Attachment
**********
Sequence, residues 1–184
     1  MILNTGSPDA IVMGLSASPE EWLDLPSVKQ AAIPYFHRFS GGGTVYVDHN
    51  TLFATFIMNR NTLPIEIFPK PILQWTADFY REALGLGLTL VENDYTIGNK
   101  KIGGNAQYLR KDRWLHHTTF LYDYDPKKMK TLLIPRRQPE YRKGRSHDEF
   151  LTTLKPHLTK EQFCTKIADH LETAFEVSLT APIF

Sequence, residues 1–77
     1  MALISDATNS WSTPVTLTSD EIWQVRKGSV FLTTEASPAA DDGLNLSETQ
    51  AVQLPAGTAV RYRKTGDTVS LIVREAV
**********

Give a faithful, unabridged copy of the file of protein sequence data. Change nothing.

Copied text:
Sequence, residues 1–184
     1  MILNTGSPDA IVMGLSASPE EWLDLPSVKQ AAIPYFHRFS GGGTVYVDHN
    51  TLFATFIMNR NTLPIEIFPK PILQWTADFY REALGLGLTL VENDYTIGNK
   101  KIGGNAQYLR KDRWLHHTTF LYDYDPKKMK TLLIPRRQPE YRKGRSHDEF
   151  LTTLKPHLTK EQFCTKIADH LETAFEVSLT APIF

Sequence, residues 1–77
     1  MALISDATNS WSTPVTLTSD EIWQVRKGSV FLTTEASPAA DDGLNLSETQ
    51  AVQLPAGTAV RYRKTGDTVS LIVREAV